"Three years more will make her something wonderful, as far as beauty is concerned," he had said; and, accordingly, she had felt some slight pleasure in the anticipation of seeing her.

Yet Theo had some faint misgivings during the day as to whether Miss Priscilla Gower would like her or not. She was at first even inclined to fear that she would not, being so very handsome, and grave, and womanly. But toward the end of their journeying together, she felt more hopeful. Reticent as she was, Priscilla Gower was a very charming young person. She talked well, and with much clear, calm sense; she laughed musically when she laughed at all, and could make very telling, caustic speeches when occasion required; but still it was singular what a wide difference the difference of six years made in the two girls. As Lady Throckmorton had said, it was not a matter of age. At twenty-two Theodora North would overflow with youth as joyously as she did now at seventeen; at seventeen Priscilla Gower had assisted her maiden aunt's lodger to copy his manuscript with as mature a gravity as she would have displayed to-day.

"I hope," said Theodora, when, after their sight-seeing was over, she stood on the pavement before the door in Broome street, her nice little hand on Denis Oglethorpe's arm, "I hope you will let me come to see you again, Miss Gower."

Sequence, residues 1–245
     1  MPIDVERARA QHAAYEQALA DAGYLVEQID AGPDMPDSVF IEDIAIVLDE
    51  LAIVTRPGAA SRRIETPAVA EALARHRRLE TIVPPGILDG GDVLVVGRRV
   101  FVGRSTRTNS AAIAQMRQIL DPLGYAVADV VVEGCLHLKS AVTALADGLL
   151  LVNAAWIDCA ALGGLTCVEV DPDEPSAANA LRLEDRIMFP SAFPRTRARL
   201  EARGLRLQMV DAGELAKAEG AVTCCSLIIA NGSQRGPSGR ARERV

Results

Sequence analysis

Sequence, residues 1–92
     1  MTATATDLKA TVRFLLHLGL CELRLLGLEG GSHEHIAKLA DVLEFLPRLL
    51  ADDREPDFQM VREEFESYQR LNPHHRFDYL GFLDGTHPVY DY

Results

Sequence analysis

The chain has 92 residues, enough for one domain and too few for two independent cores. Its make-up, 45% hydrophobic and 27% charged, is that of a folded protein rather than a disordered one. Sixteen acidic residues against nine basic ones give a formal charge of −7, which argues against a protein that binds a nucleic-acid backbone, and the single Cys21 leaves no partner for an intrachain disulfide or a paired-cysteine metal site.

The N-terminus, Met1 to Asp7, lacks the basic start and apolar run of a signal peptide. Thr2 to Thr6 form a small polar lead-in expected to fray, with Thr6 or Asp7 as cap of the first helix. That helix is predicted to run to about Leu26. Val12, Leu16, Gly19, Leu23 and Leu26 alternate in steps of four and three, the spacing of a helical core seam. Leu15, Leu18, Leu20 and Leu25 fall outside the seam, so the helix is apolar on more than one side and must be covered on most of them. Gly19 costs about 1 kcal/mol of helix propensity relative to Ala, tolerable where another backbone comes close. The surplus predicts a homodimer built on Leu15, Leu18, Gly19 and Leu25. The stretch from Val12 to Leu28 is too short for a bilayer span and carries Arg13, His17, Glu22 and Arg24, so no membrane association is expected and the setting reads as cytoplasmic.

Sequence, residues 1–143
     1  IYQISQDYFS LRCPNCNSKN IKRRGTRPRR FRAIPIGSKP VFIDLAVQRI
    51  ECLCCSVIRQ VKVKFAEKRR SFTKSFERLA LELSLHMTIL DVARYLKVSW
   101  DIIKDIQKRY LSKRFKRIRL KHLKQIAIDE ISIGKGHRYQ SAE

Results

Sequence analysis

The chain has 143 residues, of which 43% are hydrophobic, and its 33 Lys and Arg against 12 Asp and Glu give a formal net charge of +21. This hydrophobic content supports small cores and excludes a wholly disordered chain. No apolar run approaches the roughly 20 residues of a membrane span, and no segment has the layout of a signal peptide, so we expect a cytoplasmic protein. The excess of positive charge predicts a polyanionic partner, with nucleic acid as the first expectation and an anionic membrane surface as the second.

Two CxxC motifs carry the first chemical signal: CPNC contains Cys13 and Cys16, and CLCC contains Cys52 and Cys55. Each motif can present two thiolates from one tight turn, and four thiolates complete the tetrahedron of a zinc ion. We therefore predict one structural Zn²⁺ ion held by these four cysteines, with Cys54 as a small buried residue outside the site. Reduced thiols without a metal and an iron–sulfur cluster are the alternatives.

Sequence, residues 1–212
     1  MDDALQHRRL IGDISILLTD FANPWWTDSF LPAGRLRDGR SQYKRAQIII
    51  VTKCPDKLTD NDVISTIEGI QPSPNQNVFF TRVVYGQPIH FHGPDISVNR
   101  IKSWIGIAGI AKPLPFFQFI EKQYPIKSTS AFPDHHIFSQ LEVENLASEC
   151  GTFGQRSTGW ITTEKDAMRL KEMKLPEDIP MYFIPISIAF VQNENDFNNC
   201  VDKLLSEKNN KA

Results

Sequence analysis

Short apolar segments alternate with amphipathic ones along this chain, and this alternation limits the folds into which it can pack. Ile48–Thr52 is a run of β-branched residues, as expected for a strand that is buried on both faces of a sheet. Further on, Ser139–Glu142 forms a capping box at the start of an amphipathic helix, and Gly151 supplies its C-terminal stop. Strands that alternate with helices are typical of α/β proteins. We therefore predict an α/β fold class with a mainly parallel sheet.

Priscilla, standing upon the door-step, smiled down on her blooming girl's face, a smile that was a little like moonlight. All Priscilla's smiles were like moonlight. Theo's had a delicious glow of the sun.

"Yes," she said, in her practical manner. "It will please me very much to see you, Miss Theodora. Come as often as you can spare the time."

She watched the two as they walked down the street together, Theo's black feather glossy in the gaslight, as it drooped its long end against Oglethorpe's coat, and as she watched them, she noticed even this trifle of the feather, and the trifling fact that though Theo was almost regal in girlish height, she was not much taller than her companion's shoulder. It was strange, she thought afterward, that she should have done so; but even while thinking it strange in the afterward that came to her, she remembered it all as distinctly as ever, and knew that to the last day of her life she would never quite forget the quiet of the narrow, dreary street, the yellow light of the gas-lamps, and the two figures walking away into the shadow, with their backs toward her, the girl holding Denis Oglethorpe's arm, and the glossy feather in her black hat drooping its tip upon his shoulder.